For all the progress our country has made since the passage of the 1964 Civil Rights Act, the current state of our society more closely resembles the era of Mad Men than an egalitarian 21st century in which everyone has an equal shot.
This is particularly true for black women who, regardless of socioeconomic status, are continually pushed to the fringes of society and remain an afterthought in this country—economically, politically, and socially.
Last year, the Black Women’s Roundtable, part of the National Coalition on Black Civic Participation (NCBCP), released a groundbreaking report on the state of black women in contemporary American society (“Black Women in the United States, 2014: Progress and Challenges”).
The report assesses the strides, and setbacks, that black women have made over the course of the last six decades; exploring all segments of life, ranging from health and well-being to economics and labor, politics and education.
The data was culled from a number of resources, including the Bureau of Labor Statistics, the Justice Department, and the Department of Health and Human Services.
And while the weight of the Great Recession continues to loom over many Americans, there’s no disputing the data that many black women, myself included, have been more heavily impacted than all other groups combined.
As a post-civil rights baby my life and the lives of my black peers were expected to have fewer obstacles to the same employment opportunities afforded our white counterparts. I should be the poster child for progress, yet my journey toward success has left me feeling empty, exhausted, and like a complete failure.
I did everything I was supposed to as assurance that the solidly middle-class upbringing I was born into would seamlessly continue following my post-graduate studies.
I earned advanced degrees—a doctorate in communication and a master’s in television, radio and film—from highly recognized public and private institutions, but I have achieved minimal success and I am not living the American dream.
I was raised in a small, predominately white enclave in Colorado and sent to the rural south to attend an historically black college.
My dream has always been to live in a major metropolitan city where I knew there would be an abundance of career opportunities, likeminded male professionals to date and myriad cultural and social activities that would feed my spirit.
My dream has always been to live in a major metropolitan city where I knew there would be an abundance of career opportunities, like-minded male professionals to date and myriad cultural and social activities that would feed my spirit.
Shortly after completing my masters’ I was offered a fellowship to pursue a doctorate at a university near Washington, D.C. I have always loved, and been encouraged by my parents, to pursue knowledge. And I viewed this as an opportunity for new personal vistas and growth. My parents agreed it was too wonderful of an opportunity to pass up. After all, they said, “You have the rest of your life to work.”
I was aware that earning an advanced degree supposedly equaled higher earnings. That detail, however, didn’t play a role in my decision to extend my post-graduate studies. And is a dividend that has yet to pay off for me.
My desire has always been to work in broadcast television and after completing my doctorate my interest leaned toward becoming a TV or cultural critic, but had I no clue how one might attain such a position.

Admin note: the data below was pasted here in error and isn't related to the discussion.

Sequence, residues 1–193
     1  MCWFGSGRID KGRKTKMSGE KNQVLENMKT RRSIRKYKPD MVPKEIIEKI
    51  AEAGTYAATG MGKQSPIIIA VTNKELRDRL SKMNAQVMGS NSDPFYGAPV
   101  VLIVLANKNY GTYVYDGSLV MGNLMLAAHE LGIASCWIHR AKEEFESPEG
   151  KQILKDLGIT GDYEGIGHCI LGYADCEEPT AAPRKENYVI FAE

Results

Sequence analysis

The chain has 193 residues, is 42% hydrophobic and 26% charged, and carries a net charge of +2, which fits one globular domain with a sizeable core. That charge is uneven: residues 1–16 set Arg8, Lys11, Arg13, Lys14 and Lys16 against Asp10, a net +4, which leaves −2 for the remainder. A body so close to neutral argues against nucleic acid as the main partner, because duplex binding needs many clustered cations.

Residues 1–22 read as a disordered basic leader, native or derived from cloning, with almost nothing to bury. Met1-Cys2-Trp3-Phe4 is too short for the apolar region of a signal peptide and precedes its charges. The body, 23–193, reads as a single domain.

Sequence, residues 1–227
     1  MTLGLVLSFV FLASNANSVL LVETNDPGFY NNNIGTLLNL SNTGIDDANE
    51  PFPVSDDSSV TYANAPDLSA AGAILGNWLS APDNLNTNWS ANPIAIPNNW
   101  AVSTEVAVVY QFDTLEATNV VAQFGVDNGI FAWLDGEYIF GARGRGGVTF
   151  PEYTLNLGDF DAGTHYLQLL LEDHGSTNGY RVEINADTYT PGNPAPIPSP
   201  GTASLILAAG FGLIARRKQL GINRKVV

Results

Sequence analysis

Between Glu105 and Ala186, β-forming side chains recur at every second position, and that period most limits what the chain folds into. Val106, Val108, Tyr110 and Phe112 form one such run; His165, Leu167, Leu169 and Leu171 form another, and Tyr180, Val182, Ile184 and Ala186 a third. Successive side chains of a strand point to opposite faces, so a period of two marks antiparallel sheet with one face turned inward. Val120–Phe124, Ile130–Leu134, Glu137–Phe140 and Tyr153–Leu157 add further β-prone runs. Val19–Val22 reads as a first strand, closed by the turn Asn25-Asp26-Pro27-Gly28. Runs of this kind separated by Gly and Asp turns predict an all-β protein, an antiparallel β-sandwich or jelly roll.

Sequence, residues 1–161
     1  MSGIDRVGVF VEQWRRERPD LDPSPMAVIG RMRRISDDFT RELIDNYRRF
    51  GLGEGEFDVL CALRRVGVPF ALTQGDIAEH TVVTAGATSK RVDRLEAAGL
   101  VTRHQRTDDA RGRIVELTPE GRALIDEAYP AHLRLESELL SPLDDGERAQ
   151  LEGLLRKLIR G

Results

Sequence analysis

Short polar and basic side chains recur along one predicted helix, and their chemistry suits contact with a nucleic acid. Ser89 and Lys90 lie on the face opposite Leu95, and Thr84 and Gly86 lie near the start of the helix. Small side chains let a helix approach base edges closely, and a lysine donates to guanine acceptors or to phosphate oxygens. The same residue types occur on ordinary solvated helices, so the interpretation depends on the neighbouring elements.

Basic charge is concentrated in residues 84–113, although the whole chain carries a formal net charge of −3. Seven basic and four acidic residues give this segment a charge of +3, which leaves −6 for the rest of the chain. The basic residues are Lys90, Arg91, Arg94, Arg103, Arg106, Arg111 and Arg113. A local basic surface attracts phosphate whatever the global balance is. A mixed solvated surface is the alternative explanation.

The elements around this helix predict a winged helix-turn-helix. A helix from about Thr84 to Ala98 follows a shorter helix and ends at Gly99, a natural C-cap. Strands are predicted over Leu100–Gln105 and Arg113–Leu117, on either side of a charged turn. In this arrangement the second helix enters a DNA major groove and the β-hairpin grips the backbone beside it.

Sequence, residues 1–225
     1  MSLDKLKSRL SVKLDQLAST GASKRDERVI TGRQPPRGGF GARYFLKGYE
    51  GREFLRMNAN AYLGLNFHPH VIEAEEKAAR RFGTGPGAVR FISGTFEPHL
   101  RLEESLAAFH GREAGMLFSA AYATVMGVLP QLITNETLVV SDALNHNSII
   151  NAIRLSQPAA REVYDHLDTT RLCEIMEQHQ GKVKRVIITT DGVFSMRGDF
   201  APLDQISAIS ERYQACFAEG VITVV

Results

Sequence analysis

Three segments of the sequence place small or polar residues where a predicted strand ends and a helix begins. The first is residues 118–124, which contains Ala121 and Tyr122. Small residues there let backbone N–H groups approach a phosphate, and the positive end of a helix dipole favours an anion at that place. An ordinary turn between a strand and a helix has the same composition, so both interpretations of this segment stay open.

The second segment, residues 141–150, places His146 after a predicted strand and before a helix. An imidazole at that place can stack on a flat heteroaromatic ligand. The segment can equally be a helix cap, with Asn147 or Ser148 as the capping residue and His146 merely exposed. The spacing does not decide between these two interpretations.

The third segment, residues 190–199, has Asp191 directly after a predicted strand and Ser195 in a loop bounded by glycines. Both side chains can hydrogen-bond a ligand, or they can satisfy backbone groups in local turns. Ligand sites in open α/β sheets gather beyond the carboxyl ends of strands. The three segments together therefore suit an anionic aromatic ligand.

Two months after graduation, an opportunity arose for me to work at The Baltimore Sun as the assistant books editor. It sounded glamorous and exciting, but turned out to be a less-than-ideal position as I worked full-time hours for part-time pay and no health benefits.
My responsibilities leaned heavily toward administrative tasks. Still, I made the most of the opportunities in which I was given a chance to write.
After 10 months at The Sun I could see my immediate supervisor wasn’t interested in helping me grow professionally. The paper had a two-year, post-collegiate program in which a handful of students were hired and treated as entry-level staffers with pay and benefits, and received mentoring from their direct supervisor. I inquired with the recruitment manager, who happened to be a black woman, if there might be a way to grandfather me into the program. The answer was a swift, “No.”
She cited ineligibility based on my post-graduate school status, instead offering me an opportunity to work in one of the paper’s bureaus located in the all-white rural outposts of Aberdeen or Carroll counties; I declined.
At the time, the American Society of Newspaper Editors, which has long advocated for increased diversity in newsrooms across America, was highly criticized for not having met its stated goals for achieving newsroom parity. The organization avowed in 1978 that by the year 2000, the nation’s daily newspapers would fully reflect America’s racial and ethnic diversity. However, in 1998, the ASNE revised its goals, aiming for greater equanimity by 2025, if not sooner.
Fast-forward to 2014 and nothing has changed. In fact some might argue that its gotten progressively worse for black journalists—particularly in the digital age with so many publications just trying to survive—whom newsrooms continue to cut at an alarmingly high rate. Over the last decade nearly 1,000 black journalists have left the profession—a stark and disturbing reversal given America’s increased racial diversity.
I was disappointed that management seemed content to let a young, talented, woman, who happened to be black, walk out the door instead of trying to cultivate and retain me in the same framework afforded those recent college hires.
What’s worse, the paper had no black female staffers at the time.
I reasoned that if the paper were really serious about creating greater diversity in the newsroom someone would have stepped forward on my behalf.